Of course, for additional protection, participants can leverage data masking techniques of their own for data written to Vendia Share. In the future, Vendia Share, itself, will support more of these mechanisms as part of its built-in data masking capabilities. In the meantime, unlike in public permissionless blockchains, the use of ACLs allows sensitive data to reside in the blockchain — just as it would in a properly secured database.

Protecting integrity

Private permissioned blockchains can protect content integrity of data stored on the blockchain, just like public permissionless blockchains. But they can also protect origin integrity, while public permissionless cannot.

Vendia Share creates an immutable ledger to store all transactions with the blockchain. Any transaction can be traced back to the exact API payload sent to Vendia Share, demonstrating strong content integrity for all data stored. Unlike most databases, Vendia Share provides a full accounting of a records change history, which comes directly from the immutable ledger.

Vendia Share also provides data plane access control mechanisms that allow only authenticated and authorized parties to modify data. This is one way that origin integrity is maintained. Not only is the exact API payload sent to Vendia Share captured, but the source of the transaction is captured as well. Further, only those authorized, through record-level ACLs, can modify data. This is helpful in preventing inadvertent modification of data by other participants who should have “read” (but not “write”) access.

Protecting availability

Private permissioned blockchains can leverage public cloud service providers to deliver world-class scale, resilience, reliability, and availability of the data they store.

Vendia Share, like all private permissioned chains, limits availability to only authenticated and authorized participants in order to reduce the potential attack surface available for data breaches. While this does limit scale to a degree, that impact is balanced by a global footprint that also spans clouds and regions. In addition, by leveraging those same cloud services, Vendia Share is able to get orders of magnitude better ingestion and consensus throughput than public permissionless blockchains. This approach drives availability as participants are aware of a new transaction within seconds, meaning they can work from a consistent and shared source of truth at all times.

Transition your data to a private permissioned blockchain

In an environment with increasingly frequent and increasingly impactful data breaches, there’s an immediate reaction to favor the “need to know” and, as a result, to decrease information sharing (say among business partners). There’s also a business reality that companies that share data externally drive significantly more business value, so the “need to share” can’t be discarded. By taking the best of blockchain, APIs, and cloud-scale databases, and the proven security mechanisms available for all of the above, the Vendia Share platform is well-positioned to keep your organization in a position of strength while limiting risk.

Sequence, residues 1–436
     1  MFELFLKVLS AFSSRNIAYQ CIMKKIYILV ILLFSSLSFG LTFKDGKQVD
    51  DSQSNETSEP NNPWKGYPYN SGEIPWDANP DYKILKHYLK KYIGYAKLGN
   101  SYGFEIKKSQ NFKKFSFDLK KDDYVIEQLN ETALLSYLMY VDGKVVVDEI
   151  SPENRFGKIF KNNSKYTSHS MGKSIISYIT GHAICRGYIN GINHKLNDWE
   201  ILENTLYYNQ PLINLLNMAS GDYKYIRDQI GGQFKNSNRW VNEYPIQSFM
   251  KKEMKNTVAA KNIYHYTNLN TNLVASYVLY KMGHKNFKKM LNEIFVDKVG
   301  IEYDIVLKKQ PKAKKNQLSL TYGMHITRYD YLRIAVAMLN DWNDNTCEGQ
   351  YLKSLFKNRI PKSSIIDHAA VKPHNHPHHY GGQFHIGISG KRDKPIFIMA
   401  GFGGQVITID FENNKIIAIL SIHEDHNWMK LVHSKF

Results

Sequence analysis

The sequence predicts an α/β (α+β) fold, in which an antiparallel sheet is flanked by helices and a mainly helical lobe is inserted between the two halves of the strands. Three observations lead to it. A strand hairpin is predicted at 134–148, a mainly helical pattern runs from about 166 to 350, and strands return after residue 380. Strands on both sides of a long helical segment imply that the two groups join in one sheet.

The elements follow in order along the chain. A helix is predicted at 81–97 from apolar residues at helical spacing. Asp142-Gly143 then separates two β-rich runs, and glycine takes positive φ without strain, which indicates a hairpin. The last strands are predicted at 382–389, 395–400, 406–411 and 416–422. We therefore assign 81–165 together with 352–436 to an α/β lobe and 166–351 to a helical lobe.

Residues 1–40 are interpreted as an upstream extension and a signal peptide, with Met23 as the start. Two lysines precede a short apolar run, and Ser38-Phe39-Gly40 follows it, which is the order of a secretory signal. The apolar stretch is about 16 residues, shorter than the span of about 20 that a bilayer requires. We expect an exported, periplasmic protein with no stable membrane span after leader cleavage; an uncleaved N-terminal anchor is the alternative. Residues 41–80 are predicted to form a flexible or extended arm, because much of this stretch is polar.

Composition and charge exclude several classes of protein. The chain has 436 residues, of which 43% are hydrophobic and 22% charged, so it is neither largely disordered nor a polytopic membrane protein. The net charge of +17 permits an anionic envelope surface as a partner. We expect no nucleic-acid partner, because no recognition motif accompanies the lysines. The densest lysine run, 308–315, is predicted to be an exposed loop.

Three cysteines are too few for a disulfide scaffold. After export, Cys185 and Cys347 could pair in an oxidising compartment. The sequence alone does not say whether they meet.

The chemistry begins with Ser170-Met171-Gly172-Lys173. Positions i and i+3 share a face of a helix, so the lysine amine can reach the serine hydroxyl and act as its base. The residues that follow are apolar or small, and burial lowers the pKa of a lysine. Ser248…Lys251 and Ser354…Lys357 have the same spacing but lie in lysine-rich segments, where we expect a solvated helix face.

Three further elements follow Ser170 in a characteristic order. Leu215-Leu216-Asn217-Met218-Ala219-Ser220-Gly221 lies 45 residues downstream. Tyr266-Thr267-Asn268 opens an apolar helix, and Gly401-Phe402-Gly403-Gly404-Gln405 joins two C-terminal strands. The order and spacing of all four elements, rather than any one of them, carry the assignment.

Vendia’s technology addresses both the “need to know” and “need to share”, thus increasing security and compliance while also increasing the ease of data sharing among partners. Our platform on a private permissioned blockchain can act as a secure bridge between corporate IT and public permissionless blockchains, simplifying multi-party interactions while also keeping sensitive data well protected.

Figure 3 – Private permissionless blockchains are a bridge between central IT and public permissionless blockchains


Realize the promise of blockchain without exposing your data (or your partners’ data) using Vendia Share

With a full appreciation for the need to know and the need to share, consider moving data you already share with partners, even if it’s sensitive, to a private permissioned blockchain like Vendia Share. With protections in place to retain confidentiality, integrity, and availability, your company can ensure that the data you and your partners rely on is complete, correct, current, compliant, and auditable. With both, you can realize the promise of blockchain without exposing your data or your partners to data breaches and other potential pitfalls.

To learn more, check out Vendia’s open-source GitHub examples repository or set up time with us to explore a targeted proof of concept to see the Vendia Share platform in action.